I feel like this could be a beloved insight from everyone’s favorite Associate Dean.

The Power of Glamour: A Book Review

I have a rocky relationship with the concept of glamour.

On the one hand, “glamour” has the allure of glimmering lights, sexy satin dresses and sumptuous indulgence. As a young girl growing up in the ballet, I loved the contrast between the gritty concrete of backstage and the shining lights and velvet chairs in the front of the house.

On the other, I did a lot of reading on magic and rhetoric back in my school days which introduced me to the concept of glamour in magic–the idea that one could effectively bewitch someone into seeing something that wasn’t there. Applied sophistry, if you will.

Then, of course, there’s Glamour magazine, one of the trashier but still classy mainstream fashion magazines. I rarely read Glamour, even back when I was really into fashion magazines. It was one step up from Cosmo…but that’s not saying much.

With all that in my head, I had no idea what to expect from a book called The Power of Glamour: Longing and the Art of Visual Persuasion. Oh, I was certainly intrigued by a book that promised to talk about visual persuasion that was not written by a stuffy academic, but there are quite a few fashion-type books that promise a lot but deliver very little. Most fashion people are people- or thing-oriented, not idea-oriented, so their books tend to focus on the what, not the why or the how.

That is not the case for this book. Author Virginia Postrel is an idea person, and she delves into deconstructing the concept of glamour and what it entails, rather than simply defining it in stylistic terms and distracting us with a lot of pretty pictures. (That is not to say that there aren’t a bunch of pretty pictures, because there are. I’m very glad I bought a hard copy of this book, because some of the photos are well worth staring at in print.) She explores the idea of glamour in various ways, and traces it through history to show the ways in which it has influenced humanity (even before the word itself was invented).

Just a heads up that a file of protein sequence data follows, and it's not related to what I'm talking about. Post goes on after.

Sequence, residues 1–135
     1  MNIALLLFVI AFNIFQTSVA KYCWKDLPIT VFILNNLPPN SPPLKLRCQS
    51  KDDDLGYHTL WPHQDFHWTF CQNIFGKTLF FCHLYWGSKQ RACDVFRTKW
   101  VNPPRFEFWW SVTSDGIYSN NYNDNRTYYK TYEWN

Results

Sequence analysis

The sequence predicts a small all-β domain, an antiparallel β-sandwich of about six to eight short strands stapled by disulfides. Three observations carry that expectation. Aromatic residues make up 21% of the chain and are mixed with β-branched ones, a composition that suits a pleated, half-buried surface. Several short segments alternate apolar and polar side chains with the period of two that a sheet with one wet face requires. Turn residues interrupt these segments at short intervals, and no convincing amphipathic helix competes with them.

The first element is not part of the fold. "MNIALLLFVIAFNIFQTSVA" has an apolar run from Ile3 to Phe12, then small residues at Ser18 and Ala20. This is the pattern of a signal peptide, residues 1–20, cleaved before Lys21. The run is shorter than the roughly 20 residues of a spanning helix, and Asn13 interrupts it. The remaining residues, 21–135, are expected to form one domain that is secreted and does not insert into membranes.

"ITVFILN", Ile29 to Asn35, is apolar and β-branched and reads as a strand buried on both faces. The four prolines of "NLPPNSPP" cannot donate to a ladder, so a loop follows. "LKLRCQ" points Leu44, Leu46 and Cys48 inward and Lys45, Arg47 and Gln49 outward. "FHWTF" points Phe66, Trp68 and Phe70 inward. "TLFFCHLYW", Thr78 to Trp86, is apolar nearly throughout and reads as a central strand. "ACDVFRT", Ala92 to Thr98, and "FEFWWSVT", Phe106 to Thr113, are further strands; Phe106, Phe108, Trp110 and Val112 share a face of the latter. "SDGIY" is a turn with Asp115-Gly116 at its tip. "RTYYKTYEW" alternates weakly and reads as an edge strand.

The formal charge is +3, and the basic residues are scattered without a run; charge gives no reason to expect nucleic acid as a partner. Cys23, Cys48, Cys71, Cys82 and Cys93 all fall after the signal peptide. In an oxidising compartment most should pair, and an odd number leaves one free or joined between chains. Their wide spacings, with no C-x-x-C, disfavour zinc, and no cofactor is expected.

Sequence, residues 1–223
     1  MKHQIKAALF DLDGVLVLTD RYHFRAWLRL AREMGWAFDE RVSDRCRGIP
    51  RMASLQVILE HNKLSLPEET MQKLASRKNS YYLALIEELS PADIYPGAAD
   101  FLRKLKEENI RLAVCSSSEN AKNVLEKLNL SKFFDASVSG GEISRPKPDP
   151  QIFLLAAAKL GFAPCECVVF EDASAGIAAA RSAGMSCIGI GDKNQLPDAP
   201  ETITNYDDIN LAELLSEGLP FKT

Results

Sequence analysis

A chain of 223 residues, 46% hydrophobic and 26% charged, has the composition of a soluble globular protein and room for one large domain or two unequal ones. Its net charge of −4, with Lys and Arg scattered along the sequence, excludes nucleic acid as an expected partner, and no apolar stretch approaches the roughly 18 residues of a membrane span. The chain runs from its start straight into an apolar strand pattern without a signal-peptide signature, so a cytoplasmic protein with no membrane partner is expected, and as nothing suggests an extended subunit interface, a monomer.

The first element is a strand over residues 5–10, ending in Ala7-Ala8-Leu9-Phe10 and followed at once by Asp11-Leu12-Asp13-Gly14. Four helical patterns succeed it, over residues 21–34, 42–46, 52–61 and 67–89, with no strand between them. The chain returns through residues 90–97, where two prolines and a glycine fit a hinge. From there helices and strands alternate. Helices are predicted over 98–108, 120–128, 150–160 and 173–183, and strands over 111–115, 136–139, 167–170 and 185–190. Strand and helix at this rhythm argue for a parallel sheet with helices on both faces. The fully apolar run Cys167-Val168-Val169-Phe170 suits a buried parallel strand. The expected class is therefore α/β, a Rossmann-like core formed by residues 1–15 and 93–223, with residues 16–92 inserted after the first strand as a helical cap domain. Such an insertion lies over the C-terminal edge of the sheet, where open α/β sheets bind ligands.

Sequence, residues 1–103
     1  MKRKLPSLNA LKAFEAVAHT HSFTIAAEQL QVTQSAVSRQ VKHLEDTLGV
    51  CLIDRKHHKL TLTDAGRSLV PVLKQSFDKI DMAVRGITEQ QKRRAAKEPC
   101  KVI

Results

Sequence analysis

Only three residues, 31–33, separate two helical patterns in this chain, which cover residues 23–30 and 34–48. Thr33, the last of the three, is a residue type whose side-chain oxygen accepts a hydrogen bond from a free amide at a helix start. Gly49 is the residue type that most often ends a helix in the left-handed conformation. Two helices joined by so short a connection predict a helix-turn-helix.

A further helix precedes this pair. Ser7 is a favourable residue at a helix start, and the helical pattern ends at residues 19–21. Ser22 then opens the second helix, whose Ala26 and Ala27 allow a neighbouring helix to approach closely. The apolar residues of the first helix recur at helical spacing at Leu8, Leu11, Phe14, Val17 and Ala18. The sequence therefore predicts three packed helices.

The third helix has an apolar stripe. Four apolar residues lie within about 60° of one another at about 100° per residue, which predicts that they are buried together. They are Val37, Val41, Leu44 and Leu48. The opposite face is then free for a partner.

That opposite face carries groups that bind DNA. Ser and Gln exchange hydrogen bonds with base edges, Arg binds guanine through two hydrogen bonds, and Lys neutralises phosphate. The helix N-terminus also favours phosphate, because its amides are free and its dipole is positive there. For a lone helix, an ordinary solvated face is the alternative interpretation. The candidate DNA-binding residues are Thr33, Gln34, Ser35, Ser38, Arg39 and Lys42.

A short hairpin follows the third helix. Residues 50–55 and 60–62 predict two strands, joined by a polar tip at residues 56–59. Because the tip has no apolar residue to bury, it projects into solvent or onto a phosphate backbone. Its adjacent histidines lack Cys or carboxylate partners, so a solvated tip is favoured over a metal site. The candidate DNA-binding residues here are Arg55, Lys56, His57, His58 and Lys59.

Glamour is not charisma (a personal characteristic) or romance (which implies hardship) or spectacle (which inspires awe). Glamour isn’t something one can be born with, or can purchase. Instead, glamour is much, much more.

Glamour is not a product or style but a form of communication and persuasion. It depends on maintaining exactly the right relationship between object and audience, imagination and desire.

Glamour is an effective rhetorical tool, which can be bent to the desires of the person wielding it. The effective use of glamour harnesses our desires to see what we want to see, which is often a heightened, non-real version of the world, or a “reality distortion field.” By focusing attention on what isn’t strictly Real, glamour is “always suspect” as Postrel points out, because it draws our attention away from honesty and transparency.

As I read past the definition and history of glamour into the section in which Postrel writes about its implications in the modern world, I started getting really antsy. There were a lot of connections forming around the edges of my mind, building up like clouds before a thunderstorm, of glamour and where the world has found itself. Of why, perhaps, the world has seemingly gone mad. Of why someone like Donald Trump, who surrounds himself by the trappings of glamour but who is not bound by them (case in point: his hair–not glamourous in the least), was elected President of the United States.

What we tend to think of as glamour is solidified in the trappings of the 1930s; Hollywood glamour, art-deco, and movies like Metropolis. Postrel draws a tight parallel between glamour and the Modernism of the early 20th century–the allure of central planning, globalism, and the shiny, sexy, atheist utopia.

All glamour is escapist, but not all escapism is glamour. The escape that glamour offers is of a particular type. Glamour is a way of “see what is not there,” not simply forgetting what is there. Although glamour does provide immediate pleasure, it doesn’t numb or distract desire. To the contrary, it intensifies longings by giving them an object. Glamour thus implies and fosters hope, from individual aspiration to collective utopian dreams.

To me, then, either glamour is in bed with the forces within history that are trying to draw our world into one centralized, pre-planned horror show, or those forces have done a stellar job of harnessing the power of glamour to propagandize for their own purposes. The fact that Postrel herself uses Barack Obama as an example of glamour, indicates that the latter is true. To further support that theory, Anna Wintour, editor of Vogue magazine, does her best to glamorize favored candidates like Hillary Clinton and Michelle Obama. But is that to say that the Left is inherently glamourous? Or does it depend on glamour to stay alive?